But let's go back to the last ice age about 20,000 years ago when sea level was intermittently lower, the coast of California was 15 to 20 miles farther west than the current shoreline, and there was a type of land bridge between the coastal land masses north and south of future San Francisco Bay. The California River (=ancient version of Sacramento River and Golden Gate Strait) drained inland territories to the ocean and was perhaps a broad freshwater valley. Could the red-bellied newt, which in Dr. Twitty's experiments at Pepperwood Creek moved more than five miles overland in a few years, have waited to expand to the south during this ice age instead of millions of years earlier when the giant salamander populations were more widespread? According to the Berkeley team, a "short time frame of approximatley 20,000 years could be insufficient for accumulation of fixed mutations in the isolated population". In terms of evolution, 20,000 years ago is not that long and even though the geology of California has changed quite a bit in that time, the red-bellied newts, capable of traveling long and rugged terrain, may have arrived in the Santa Cruz Mountains in nearly identical condition to their northern sisters.

Wild speculation and geologic dreaming? So inspires the dark-eyed stranger.

Warning belly: bright red warns predators of potent neurotoxin in this newt.  
Not likely to be used as fish bait.   
Even though recent human introduction of this population seems more likely, salamanders don't easily take to such long distant relocations. Of the few known successful introductions, two were a result of fishermen moving salamanders as bait, and one was accidentally introduced in a shipment of oak trees with bark (Bonett, 2007). Red-bellied newts do not make good bait due to the neurotoxin in their skin, and the poisonous effect of such "water-dogs" is generally well known by rural California residents and sportsmen.

Some of the beautiful and biologically rich park land protected in
Monte Bello Open Space Preserve and Upper Stevens Creek Park   
New genetic sequencing techniques could allow deeper analysis of the red-bellied newt populations in the future and perhaps solve the mystery as to whether the Stevens Creek newts are a cryptic natural population or introduced by humans. What to do in the meantime, until the next graduate student arrives with the tools and inclination to reexamine the frozen genetic material stored in the Museum of Vertebrate Zoology? In their paper, the Berkeley team recommends that the Stevens Creek population be protected as a hedge against threats to the patchy northern population where logging, and conversion into vineyards and housing are eliminating their unique breeding habitat.

A ten-thousand newt day - California newts breeding in pond on Monte Bello Open Space Preserve    
Much of the Stevens Creek watershed is protected in Monte Bello Open Space Preserve or Upper Stevens Creek Park, respectivley managed by the Midpeninsula Regional Open Space District and Santa Clara County. Sometimes, when a species is introduced by humans, the land managers attempt to remove it from natural park lands in order to protect the native species. An example is control of the American bullfrog introduced from the Eastern US which has invaded many of the same aquatic habitats preferred by the native San Francisco gartersnake.  Bullfrogs eat the adults, larvae and eggs all life stages of this endangered snake endemic to the Santa Cruz Mountains. Actually, bullfrogs eat everything including treefrogs and California red-legged frogs (another rare species), the preferred prey species of the San Francisco gartersnake which makes it even harder for them to survive.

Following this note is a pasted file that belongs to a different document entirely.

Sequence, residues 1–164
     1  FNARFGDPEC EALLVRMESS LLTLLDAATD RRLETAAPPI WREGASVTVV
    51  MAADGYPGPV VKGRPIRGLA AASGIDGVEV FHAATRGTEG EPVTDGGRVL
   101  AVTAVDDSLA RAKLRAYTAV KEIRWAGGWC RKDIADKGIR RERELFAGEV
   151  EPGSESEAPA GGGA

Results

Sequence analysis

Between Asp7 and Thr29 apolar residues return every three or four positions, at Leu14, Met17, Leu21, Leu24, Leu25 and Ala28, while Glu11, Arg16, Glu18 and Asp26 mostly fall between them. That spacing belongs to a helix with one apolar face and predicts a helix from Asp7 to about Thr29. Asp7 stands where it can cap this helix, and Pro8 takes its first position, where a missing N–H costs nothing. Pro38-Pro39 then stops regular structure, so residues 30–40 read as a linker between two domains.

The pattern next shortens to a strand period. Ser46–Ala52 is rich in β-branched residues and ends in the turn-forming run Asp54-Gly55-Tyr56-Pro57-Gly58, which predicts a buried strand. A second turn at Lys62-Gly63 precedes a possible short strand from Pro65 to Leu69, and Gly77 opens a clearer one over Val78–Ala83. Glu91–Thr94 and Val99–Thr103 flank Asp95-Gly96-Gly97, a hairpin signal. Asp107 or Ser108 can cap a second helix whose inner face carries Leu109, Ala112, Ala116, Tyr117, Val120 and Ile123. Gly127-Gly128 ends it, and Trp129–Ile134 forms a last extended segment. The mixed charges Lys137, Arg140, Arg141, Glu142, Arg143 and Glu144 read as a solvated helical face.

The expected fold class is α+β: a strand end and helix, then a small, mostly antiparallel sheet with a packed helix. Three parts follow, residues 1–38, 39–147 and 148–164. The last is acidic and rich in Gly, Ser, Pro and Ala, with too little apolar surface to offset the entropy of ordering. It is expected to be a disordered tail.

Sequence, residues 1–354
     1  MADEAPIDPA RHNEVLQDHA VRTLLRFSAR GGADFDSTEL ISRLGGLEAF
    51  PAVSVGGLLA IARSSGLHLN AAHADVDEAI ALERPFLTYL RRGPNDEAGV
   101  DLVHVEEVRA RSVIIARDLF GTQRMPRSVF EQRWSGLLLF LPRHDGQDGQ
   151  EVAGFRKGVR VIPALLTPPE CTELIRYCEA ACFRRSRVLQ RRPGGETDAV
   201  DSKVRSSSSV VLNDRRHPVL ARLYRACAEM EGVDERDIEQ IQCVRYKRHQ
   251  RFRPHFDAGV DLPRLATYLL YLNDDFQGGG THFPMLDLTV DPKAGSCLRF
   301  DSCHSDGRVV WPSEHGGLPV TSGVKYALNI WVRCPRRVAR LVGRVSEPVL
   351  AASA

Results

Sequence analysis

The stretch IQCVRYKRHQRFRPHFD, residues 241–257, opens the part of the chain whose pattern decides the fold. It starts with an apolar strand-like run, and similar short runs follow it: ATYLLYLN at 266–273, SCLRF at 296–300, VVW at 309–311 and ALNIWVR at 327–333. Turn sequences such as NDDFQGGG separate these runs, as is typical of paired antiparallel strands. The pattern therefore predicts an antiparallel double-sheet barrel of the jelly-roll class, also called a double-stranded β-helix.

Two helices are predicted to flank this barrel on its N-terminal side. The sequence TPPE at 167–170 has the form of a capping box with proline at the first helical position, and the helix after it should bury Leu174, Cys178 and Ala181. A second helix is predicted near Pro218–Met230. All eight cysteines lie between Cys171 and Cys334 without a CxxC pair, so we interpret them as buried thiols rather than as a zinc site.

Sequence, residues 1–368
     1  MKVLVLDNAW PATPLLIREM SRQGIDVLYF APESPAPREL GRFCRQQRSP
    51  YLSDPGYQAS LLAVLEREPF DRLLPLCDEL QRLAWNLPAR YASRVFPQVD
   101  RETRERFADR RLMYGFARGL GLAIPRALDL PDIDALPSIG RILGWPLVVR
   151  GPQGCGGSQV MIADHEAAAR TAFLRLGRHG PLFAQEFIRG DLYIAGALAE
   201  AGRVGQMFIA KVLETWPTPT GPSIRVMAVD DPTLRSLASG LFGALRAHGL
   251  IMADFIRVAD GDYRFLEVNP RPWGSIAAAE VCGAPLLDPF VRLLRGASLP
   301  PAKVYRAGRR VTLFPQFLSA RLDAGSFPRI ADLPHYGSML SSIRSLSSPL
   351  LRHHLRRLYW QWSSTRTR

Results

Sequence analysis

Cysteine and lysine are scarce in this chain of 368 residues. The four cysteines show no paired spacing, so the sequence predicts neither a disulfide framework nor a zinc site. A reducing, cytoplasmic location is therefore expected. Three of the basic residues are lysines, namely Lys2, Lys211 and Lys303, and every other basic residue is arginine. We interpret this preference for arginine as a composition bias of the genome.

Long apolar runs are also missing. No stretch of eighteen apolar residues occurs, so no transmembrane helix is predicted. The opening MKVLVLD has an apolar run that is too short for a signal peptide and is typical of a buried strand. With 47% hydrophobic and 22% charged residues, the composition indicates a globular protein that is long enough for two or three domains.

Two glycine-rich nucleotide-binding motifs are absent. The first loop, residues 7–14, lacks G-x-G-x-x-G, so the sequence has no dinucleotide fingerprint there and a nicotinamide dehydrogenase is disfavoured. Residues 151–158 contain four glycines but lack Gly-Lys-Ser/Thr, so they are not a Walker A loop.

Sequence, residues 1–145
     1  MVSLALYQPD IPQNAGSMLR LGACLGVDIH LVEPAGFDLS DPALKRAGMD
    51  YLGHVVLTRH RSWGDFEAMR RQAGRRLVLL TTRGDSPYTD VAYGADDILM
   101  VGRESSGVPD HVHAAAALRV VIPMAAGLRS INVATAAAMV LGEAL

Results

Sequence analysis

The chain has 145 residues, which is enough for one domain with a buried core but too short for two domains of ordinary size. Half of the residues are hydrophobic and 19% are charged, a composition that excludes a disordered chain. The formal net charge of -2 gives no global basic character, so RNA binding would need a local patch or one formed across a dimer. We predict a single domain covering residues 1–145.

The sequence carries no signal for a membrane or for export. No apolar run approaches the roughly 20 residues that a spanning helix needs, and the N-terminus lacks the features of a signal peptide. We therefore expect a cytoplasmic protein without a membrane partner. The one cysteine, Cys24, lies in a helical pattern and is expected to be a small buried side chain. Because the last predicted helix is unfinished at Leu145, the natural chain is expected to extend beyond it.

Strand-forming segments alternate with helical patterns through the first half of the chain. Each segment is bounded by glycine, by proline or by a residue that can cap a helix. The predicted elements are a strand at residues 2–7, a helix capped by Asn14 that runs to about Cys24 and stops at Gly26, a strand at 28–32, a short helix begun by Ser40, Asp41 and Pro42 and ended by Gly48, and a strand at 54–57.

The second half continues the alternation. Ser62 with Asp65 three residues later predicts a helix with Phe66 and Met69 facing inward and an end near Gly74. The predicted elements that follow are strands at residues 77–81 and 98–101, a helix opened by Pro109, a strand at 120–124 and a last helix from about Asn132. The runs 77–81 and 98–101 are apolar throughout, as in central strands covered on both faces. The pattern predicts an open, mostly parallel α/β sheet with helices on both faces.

Although we never saw their eggs, we often found small rough-skinned newts like this one indicating that they were likewise successfully breeding   
If the red-bellied newt was determined to be introduced to the Stevens Creek watershed, should it be removed? There are no plans to do so and this population does not appear to be in conflict with other animals or plants of the Santa Cruz Mountains. Most of the amphibian species which occupy the forests and streams of Stevens Creek are the same species that are found in the red-bellied's northern range. Indeed, both the rough-skinned and the California Taricha newts are sympatric with the red-bellied newt and sometimes all three species occur together in the northern range as they do in the Stevens Creek watershed. It is obvious they have separate breeding strategies, and likewise they probably have different feeding niches at least for much of the year when the red-bellieds are far underground, so it is unlikely that they compete with each other to any significant degree.

Random Truth was one of several nature bloggers who helped us search for red-bellied newts on rugged terrain.  He shares his take on the adventure with fabulous rbn photos and humor at Nature of a Man.    
As it turns out, the Midpeninsula Regional Open Space District has protected a key property in the Stevens Creek watershed that appears to support the main population of red-bellied newts. In February 2014, I suddenly had the opportunity to be the first to check a small tributary on that property. Who should I invite to join me? It had to be Chuck-the-Runner who in 2009 was the first to report red-bellied newts in the Stevens Creek watershed and had endured eight months of disbelief until his sighting was independently confirmed.

Chuck has an uncanny ability to find reptiles and amphibians.